Artist: Brand Of Sacrifice
Album Name: Lifeblood
Release Date: 5 March 2020
Anime and metal music. Two completely different mediums of entertainment with subcultures that almost seem to be the complete polar opposite of each other. Anime is bright, flashy, colourful, and, for almost over a decade now, seems to place more of an emphasis on being ‘kawaii’ or ‘cute’ to put it into it’s English translation. Metal on the other hand, is all about being heavy, dark, somber, serious, and horror. At least, that is what anyone would think if they looked at both of these subcultures from a glance. However, anime and metal have crossed over many times with many mangakas (the Japanese equivalent of comic book artists) taking inspiration from the genre and even making references in their work whether it’s the nods to White Zombie in Rei Hiroe’s Black Lagoon to Hirohiko Araki’s iconic series Jojo’s Bizarre Adventure having the main antogonist being named after the legendary Ronnie James Dio, metal has always been a part of the anime fandom. However, it wasn’t until Finnish power metal titans Battle Beast and Beast In Black came along in the latter half of the 2010s and made it popular to base your entire band’s brand and aesthetic on anime and manga after decades of having it only relegated to the doujin metal scene in Japan or classic anime theme song cover bands like Animetal and Animetal USA.
Enter Brand Of Sacrifice, a Canadian based technical deathcore band that has been making waves in the metal scene ever since their EP, The Interstice, first dropped in 2018. Brand Of Sacrifice take their name and lyrical inspiration from the dark fantasy series, Berserk, which is written and illustrated by the legendary Kentaro Miura, of whose art is worthy of being the cover to any and all metal albums and whose writing is on par with literary greats like J.R.R. Tolkien, Michael Moorcock, George R.R. Martin, H.P. Lovecraft, and Clive Barker. Lifeblood is their second full length album and is a follow up from 2019’s spectacular masterpiece, God Hand.
Unlike most deathcore bands, Brand Of Sacrifice bring something fresh to the genre that is not just limited to the fact that they take their inspiration from anime and manga. Their sound and the way that they write, compose, and produce music that not only sounds unique, but, manages to combine technicality, catchiness, and a strong cinematic atmosphere into one, compact, and ferociously aggressive and heavy package.
In a recent interview on the KNOTFEST YouTube channel, Kyle Anderson, the band’s vocalist, said that for Lifeblood the band wanted to take all the best elements of their past two releases, build and expand on them, while incorporating a lot of new influences that could bridge the gap between deathcore fans and metalcore fans. Kyle also cited the fact that they got the idea after observing the reactions of the crowds at their shows to certain songs or parts of songs and of course by taking inspiration from things like anime and video game scores. This is very evident and, as a die hard fan of the Berserk manga myself, I am happy to report that Kyle and the rest of the band did the source material justice with this album.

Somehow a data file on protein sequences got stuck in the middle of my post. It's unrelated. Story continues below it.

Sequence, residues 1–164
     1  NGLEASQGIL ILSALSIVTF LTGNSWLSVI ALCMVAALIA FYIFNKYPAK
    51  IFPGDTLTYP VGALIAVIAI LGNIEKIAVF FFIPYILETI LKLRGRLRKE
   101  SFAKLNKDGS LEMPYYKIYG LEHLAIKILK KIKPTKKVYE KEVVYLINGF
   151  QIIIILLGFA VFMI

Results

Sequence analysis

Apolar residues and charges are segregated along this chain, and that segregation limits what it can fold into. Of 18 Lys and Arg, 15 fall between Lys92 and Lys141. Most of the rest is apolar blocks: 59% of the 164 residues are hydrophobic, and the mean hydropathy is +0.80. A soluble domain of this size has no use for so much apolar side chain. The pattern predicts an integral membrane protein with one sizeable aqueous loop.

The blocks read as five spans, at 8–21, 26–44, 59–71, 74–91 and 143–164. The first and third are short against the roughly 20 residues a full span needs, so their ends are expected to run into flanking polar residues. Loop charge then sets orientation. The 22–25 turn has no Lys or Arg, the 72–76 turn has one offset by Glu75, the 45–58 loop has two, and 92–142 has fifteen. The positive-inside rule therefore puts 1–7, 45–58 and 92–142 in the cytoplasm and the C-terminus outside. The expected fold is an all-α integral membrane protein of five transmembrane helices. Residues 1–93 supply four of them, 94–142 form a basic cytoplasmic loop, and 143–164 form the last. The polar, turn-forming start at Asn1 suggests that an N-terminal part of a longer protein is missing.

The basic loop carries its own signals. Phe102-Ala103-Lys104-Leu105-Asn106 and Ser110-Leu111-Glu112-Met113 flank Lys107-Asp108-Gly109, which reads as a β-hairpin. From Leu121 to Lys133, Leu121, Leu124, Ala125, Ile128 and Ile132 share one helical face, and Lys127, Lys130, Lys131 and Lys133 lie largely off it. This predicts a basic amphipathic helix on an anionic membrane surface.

One thing longtime listeners of the deathcore genre will notice with this record is the guitar tone. While most bands perhaps try to imitate the sound of the MySpace era bands that propelled deathcore into the spotlight, experiment with either djent, symphonic, or black metal elements to give it a more technical or atmospheric effect, or thrown in some slams or beatdown elements, Brand Of Sacrifice have instead created a unique soundscape that, when combined with the way they write their riffs and breakdowns, remind one of more industrial and electronic inspired artists like Celldweller, Mick Gordon, and Tetsuya Shibata mixed with their signature metalcore elements from their days as The Afterimage. This is of course combined with epic synths that would make the likes of Susumu Hirasawa, the composer of the 1997 Berserk anime score, proud. This is a consistent element throughout the entirety of Lifeblood and it only gets better and better with each track.
We start off with the track Dawn, which combines a lot of rewinding vocal effects for the intro before piercing your ears with breakdowns that contain screeching guitars to imitate the sounds of should being tortured in the lowest pit of hell. Kyle then proceeds to decimate your ears with his beastly vocals and we get a tease of almost every element that is to come from this album from blast beats to bouncy djent moments to breakdowns to electronics all in under two minutes.
Dawn transitions nicely into the first single from this album, Demon King, which is themed around the Dread Emperor, Ganishka, one of the many demonic antagonists in the world of Berserk. Demon King is a truly spectacular and bombastic track that wastes no time jumping right into high velocity speed and sheer brutality along with Kyle’s insane vocal range. This track manages to keep a standard intro, verse, chorus, verse, chorus, bridge, chorus, outro structure while keeping things interesting with a clever use of build up before the main breakdown, plenty of slight changes to the melody in each verse, and epic choir synths that really create an apocalyptic sense of dread emphasizing the danger than Ganishka poses to humanity in the world of Berserk. Not to mention the mid section during the breakdown where Kyle just goes ape shit with his vocal range really adds that ‘Wow!’ factor after hearing this song.